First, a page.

The ability to read and write is both creative and destructive. This ability opens your eyes to the world and how beautiful it can be. It also has the potential to destroy your entire grip on reality and expose you to the actual world you live in. It imprisons you yet, releases you from your mental confinement. Some people never escape from this confinement, some do; and those who escape sometimes go on to do great things in life. It pains me to say that I will not have the satisfaction of giving each and every one of those people who escaped or not the credit and appraisal that they so dutifully deserve. No, in this essay I will be focusing on three people, each with their own hardships and their own “imprisonments”, whether those “imprisonments” were literal or not; they deserve to be appraised. All three of these people contrast against each other greatly but, at the same time have immense comparisons. For example, all three of these people are minorities but, only two of them are male. Another example would be, all of them lived in America yet, only one of them is still alive. All three of them have had their hardships but, all three have escaped their imprisonments. …show more content…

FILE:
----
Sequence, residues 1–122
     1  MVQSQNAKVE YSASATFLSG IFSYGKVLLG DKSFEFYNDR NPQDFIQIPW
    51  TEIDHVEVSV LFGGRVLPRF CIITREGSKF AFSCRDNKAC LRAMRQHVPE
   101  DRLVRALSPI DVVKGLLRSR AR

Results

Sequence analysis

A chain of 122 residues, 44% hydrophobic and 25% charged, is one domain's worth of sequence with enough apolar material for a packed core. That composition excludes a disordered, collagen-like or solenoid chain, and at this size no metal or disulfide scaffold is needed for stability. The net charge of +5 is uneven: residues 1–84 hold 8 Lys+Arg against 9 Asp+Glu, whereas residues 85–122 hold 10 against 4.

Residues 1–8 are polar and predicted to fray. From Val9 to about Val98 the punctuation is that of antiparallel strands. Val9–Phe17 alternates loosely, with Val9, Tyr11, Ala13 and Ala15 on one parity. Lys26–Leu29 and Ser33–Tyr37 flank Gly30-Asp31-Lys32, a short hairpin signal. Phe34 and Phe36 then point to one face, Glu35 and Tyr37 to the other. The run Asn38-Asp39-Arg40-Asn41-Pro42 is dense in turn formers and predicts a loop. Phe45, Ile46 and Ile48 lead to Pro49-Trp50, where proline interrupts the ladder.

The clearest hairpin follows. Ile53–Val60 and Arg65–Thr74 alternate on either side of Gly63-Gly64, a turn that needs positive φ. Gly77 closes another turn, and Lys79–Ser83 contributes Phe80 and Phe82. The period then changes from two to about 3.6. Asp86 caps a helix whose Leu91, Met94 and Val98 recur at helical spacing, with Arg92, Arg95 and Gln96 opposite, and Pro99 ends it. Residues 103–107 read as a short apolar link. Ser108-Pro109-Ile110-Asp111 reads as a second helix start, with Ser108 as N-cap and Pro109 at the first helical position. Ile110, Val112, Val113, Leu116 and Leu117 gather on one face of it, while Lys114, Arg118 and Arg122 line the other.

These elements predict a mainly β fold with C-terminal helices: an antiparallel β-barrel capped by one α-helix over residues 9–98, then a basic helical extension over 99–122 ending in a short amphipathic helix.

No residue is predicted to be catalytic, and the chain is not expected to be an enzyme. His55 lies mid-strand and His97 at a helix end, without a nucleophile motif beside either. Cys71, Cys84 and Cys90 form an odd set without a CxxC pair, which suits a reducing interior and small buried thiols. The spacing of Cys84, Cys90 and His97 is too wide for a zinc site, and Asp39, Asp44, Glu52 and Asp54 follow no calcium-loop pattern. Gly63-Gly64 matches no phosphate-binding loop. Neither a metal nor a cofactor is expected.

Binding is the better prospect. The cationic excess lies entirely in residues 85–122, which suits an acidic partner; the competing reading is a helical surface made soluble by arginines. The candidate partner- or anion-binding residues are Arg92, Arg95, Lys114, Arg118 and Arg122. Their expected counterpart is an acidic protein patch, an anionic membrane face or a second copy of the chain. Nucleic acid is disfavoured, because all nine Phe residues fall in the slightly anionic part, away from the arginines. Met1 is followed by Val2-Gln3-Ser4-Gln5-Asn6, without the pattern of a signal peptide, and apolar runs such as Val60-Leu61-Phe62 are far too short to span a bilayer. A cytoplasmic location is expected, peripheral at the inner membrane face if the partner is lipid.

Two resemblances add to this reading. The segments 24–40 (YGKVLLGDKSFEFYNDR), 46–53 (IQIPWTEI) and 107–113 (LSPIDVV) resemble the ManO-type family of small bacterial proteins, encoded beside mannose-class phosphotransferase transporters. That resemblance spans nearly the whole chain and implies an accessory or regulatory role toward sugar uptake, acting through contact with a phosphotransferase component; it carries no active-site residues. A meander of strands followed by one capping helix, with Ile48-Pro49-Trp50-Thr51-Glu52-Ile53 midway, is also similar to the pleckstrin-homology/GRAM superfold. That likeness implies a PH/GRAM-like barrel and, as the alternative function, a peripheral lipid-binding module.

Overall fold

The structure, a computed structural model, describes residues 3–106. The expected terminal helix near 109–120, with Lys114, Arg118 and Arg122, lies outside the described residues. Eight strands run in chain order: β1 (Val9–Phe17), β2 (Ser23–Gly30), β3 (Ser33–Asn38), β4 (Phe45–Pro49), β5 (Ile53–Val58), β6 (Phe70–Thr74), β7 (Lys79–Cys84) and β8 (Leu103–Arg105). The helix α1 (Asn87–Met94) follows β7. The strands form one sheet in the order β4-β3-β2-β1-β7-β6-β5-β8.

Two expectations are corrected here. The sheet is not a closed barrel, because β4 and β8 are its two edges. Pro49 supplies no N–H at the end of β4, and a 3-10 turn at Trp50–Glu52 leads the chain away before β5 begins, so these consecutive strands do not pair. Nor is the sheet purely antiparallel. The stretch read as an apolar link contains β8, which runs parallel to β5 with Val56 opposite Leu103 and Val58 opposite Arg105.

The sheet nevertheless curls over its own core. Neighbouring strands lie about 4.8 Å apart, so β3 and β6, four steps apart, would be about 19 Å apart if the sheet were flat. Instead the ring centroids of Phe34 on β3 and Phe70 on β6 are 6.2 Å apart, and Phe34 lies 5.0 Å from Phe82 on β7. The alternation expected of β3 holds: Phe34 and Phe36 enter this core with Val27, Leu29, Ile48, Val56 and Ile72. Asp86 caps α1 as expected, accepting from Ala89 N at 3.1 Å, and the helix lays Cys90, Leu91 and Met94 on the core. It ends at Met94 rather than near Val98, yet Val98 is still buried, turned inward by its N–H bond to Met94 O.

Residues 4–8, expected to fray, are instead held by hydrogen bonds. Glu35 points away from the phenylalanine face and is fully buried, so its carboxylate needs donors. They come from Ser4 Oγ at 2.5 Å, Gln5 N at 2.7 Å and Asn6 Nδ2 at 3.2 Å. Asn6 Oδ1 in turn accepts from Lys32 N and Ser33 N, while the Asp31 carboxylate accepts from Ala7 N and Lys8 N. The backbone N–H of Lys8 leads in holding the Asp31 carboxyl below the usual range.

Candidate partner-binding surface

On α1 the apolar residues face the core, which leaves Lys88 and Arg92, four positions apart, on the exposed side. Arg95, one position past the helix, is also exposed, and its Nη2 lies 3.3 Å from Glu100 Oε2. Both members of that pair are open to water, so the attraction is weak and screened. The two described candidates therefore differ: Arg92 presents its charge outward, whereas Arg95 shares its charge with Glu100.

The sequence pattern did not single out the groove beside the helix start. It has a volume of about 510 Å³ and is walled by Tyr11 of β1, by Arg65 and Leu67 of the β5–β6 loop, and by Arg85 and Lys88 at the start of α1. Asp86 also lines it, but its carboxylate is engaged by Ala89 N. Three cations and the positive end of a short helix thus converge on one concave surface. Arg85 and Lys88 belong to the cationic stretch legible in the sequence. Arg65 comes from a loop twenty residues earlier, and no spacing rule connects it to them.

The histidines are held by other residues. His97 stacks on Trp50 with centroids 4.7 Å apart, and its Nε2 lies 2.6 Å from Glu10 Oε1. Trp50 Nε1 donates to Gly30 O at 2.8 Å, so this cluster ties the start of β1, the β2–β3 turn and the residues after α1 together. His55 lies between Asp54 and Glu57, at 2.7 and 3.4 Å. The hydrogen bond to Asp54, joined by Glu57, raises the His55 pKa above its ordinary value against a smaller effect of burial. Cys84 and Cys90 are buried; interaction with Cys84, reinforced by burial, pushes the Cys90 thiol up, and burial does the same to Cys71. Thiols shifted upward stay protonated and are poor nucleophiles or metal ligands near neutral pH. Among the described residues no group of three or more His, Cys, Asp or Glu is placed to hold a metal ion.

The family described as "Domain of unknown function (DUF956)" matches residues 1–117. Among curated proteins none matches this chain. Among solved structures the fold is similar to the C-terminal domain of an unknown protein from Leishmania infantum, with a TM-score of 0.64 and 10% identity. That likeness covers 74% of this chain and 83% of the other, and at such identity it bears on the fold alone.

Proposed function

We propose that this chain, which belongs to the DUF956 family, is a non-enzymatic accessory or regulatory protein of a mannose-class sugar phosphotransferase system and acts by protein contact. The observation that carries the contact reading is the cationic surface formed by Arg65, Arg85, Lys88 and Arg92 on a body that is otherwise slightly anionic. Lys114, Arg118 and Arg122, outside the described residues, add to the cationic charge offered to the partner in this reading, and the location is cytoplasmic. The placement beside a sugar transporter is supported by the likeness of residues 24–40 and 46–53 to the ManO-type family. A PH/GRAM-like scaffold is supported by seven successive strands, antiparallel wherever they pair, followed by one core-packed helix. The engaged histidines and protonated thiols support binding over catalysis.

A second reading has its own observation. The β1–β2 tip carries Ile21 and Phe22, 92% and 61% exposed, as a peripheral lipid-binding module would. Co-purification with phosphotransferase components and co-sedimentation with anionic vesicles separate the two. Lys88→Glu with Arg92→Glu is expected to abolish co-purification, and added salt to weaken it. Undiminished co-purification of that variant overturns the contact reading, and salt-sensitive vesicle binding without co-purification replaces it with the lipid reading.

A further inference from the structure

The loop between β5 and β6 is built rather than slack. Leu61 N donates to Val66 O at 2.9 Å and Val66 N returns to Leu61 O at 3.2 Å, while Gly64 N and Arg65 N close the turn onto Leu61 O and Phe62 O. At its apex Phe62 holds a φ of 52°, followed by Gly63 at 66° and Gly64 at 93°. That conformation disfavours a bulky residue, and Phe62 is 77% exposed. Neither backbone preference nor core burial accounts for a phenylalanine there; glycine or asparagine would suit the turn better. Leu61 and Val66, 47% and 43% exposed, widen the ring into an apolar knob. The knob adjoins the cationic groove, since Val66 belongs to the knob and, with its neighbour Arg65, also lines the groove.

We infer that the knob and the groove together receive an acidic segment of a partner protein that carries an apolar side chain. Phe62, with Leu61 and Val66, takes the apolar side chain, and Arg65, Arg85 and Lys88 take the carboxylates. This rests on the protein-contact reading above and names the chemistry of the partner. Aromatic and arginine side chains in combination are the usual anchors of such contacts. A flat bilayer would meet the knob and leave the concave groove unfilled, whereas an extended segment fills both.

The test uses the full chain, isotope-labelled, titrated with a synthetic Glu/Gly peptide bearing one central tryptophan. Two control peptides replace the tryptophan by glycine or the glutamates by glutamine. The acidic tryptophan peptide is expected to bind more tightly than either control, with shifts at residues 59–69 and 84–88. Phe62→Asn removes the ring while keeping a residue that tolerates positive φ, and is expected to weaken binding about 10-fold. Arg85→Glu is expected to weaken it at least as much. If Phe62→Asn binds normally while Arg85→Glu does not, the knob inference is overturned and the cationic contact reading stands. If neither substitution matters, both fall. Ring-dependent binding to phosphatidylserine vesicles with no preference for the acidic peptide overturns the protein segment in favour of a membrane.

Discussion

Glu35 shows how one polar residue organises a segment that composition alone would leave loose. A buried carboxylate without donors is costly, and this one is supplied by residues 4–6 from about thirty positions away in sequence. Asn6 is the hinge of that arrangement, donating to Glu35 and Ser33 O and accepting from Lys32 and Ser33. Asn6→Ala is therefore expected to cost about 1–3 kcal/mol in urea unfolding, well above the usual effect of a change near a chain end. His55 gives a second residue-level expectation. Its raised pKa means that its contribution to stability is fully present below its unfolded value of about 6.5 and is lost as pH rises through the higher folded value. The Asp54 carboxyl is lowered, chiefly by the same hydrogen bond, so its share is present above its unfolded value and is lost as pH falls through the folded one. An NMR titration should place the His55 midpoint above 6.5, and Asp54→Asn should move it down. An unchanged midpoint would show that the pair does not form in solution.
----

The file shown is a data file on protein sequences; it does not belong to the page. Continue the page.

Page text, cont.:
Both of which are male and both are black, both had a visible hatred towards their oppressors (whites). Frederick Douglas was a slave who obtained the ability to read and write from various actions and events, his first grasp of this ability was when his mistress (slave owner) had decided for him to acquire this ability, while later being punished for it she became another one of his oppressors. Although Frederick’s mistress began her thrashings upon his determination to gain the power of literacy, he found other ways of gaining the power. Malcolm X obtained his literacy due to his prison confinement, and his introduction to